Imagine the difficulty and confusion of reaching legal voting age during an era of political and social chaos. With every switch of the TV channel, we see political commentators spewing their opinions in one another’s faces, and before long, it can feel like we’ve gotten whiplash. Alternative facts, absurd tweets, countless executive orders — sometimes I wonder how even the most experienced politicians can stay on top of everything going on right now.
Unfortunately, because of the disarray in D.C. and around the country, efforts to decrease voter apathy and increase involvement seem in vain. This is especially true for young people, who have a history of feeling disconnected from Washington. And with the current administration, it isn’t hard to understand why young adults, especially women, may feel disconnected from a group of men taking the first steps to defund organizations that support women in their right to their own bodies.
It’s easy to look at everything happening and feel as though we have no ability to make a difference. While much of this stems from seeming moral corruptions making their way to legislation, a lot of it also comes from a lack of knowledge about the many ways in which we can impact Washington. One such way is by reaching out directly to our representatives, the people we elected to act as our voices in the federal government.
As the past few weeks of the Trump administration have provoked outrage, celebrities and activists have used their respective platforms to encourage citizens to contact Washington and state their support for or rejection of any given governmental action. However, it still seems like discouragement persists among people who feel like they do not have the ability to influence change; busy signals and full voicemail boxes upon dialing representatives do not exactly encourage involvement.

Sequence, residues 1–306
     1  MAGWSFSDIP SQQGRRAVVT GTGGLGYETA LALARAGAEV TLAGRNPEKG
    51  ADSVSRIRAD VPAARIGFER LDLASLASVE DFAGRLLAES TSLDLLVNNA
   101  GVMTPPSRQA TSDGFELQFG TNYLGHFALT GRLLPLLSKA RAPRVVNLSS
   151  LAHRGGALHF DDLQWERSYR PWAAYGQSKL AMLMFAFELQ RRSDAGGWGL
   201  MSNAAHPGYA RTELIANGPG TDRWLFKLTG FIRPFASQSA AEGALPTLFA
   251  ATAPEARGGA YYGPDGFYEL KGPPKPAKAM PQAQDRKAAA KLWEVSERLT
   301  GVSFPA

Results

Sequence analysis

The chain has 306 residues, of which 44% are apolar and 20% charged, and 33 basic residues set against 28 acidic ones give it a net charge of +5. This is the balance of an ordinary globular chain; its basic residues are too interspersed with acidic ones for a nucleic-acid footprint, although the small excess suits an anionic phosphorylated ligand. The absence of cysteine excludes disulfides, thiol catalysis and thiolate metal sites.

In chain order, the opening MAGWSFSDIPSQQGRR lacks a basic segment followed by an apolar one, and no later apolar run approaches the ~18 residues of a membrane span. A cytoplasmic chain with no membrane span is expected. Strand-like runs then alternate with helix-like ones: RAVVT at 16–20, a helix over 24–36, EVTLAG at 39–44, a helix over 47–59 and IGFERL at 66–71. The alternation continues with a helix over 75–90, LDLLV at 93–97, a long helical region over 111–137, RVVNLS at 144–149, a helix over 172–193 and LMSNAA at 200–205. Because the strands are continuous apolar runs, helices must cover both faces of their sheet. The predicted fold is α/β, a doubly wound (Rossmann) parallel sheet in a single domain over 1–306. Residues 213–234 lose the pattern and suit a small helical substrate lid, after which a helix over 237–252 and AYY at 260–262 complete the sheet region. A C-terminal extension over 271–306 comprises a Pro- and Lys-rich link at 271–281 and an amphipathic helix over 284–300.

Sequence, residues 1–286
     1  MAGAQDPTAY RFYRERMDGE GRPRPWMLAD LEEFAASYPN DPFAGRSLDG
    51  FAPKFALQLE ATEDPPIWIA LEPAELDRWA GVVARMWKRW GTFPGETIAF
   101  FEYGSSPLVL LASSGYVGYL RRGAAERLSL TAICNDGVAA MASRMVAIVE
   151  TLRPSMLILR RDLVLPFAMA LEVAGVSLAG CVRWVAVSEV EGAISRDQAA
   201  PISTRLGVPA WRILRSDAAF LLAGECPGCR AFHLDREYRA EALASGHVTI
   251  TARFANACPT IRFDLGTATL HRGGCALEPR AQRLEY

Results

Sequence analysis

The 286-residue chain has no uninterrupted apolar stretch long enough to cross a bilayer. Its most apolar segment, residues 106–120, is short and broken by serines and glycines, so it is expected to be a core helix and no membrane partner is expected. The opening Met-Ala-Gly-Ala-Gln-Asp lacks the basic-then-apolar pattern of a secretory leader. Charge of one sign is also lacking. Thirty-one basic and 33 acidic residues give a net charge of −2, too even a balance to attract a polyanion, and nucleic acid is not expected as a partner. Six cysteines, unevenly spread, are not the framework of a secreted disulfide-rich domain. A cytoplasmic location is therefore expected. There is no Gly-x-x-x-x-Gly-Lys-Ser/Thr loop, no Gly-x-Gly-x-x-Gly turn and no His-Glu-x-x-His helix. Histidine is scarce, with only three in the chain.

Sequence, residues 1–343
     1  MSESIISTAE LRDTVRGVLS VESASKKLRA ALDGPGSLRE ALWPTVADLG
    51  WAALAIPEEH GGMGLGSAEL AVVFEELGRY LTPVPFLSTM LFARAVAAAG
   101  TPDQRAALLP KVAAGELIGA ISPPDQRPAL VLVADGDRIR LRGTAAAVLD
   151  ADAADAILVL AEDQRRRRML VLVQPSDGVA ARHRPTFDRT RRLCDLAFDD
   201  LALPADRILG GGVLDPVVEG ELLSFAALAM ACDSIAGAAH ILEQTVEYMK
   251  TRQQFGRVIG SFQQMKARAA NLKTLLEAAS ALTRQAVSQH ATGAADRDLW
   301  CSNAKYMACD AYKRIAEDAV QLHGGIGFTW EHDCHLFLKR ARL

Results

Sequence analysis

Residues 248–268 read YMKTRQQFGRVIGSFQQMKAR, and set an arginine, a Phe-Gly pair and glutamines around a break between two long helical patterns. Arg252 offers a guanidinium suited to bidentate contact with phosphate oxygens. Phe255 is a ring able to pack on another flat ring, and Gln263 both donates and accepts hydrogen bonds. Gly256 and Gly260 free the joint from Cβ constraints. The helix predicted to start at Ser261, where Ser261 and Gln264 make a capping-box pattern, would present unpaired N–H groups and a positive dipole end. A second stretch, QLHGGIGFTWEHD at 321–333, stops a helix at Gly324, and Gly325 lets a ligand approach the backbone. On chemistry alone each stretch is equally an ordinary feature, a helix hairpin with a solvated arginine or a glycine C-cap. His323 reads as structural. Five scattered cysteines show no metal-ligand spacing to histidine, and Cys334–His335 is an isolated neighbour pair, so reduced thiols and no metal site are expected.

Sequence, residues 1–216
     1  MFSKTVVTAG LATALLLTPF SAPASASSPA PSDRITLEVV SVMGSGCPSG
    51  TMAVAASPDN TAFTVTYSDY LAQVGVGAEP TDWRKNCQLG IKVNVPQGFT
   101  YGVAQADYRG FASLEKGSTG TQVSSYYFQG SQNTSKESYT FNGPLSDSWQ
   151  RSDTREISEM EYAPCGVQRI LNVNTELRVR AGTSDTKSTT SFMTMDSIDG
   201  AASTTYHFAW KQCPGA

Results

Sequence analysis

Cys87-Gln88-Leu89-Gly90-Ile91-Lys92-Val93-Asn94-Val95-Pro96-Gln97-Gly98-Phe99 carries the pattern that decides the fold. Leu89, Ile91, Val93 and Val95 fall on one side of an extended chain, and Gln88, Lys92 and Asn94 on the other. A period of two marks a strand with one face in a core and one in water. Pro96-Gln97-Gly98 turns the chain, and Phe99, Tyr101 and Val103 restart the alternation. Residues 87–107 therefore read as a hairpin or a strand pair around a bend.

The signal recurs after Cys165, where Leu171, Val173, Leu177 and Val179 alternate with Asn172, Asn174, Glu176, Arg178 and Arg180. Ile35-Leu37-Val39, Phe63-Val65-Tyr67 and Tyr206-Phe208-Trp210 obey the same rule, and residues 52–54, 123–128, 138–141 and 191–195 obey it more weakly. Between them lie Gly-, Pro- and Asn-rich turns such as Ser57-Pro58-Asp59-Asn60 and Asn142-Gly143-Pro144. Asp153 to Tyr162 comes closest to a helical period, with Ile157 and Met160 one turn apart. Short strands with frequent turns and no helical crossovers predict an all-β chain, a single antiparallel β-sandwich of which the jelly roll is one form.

That’s where applications such as Countable can make the difference between apathetic and active citizens. Countable is an initiative that strives to bridge the gap between D.C. and citizens. With this application, people are able to read up on prospective and current legislation in language that makes clear what the purpose of each law is. That way people stay informed on what’s going on and it is easier to form individual opinions on it. Perhaps even more importantly, users can directly reach their representatives and voice their opinions on any given piece of legislation by indicating whether they say “aye” or “nay” to the given law. As such, representatives can see this information and gather a consensus on where their constituents stand on issues.
Finally, people can follow up after legislation has been through the proper vetting on how their representatives voted. Even as such a new application, it has already had an impact; people have said that it provides an unbiased and unprecedentedly direct way of getting involved with our government.
After all is said and done, Countable fosters two-way communication between the government and the people it represents. In an environment of chaotic political miscommunication, this is a very good thing.
As we embark on the journey that comes with the transition from one president to another, it is more important than ever that we, as citizens of the United States of America, stay informed, aware and involved in our government. With initiatives such as Countable, perhaps soon we will develop an involved public, one that refuses to stand still in a world of morally condemnable actions.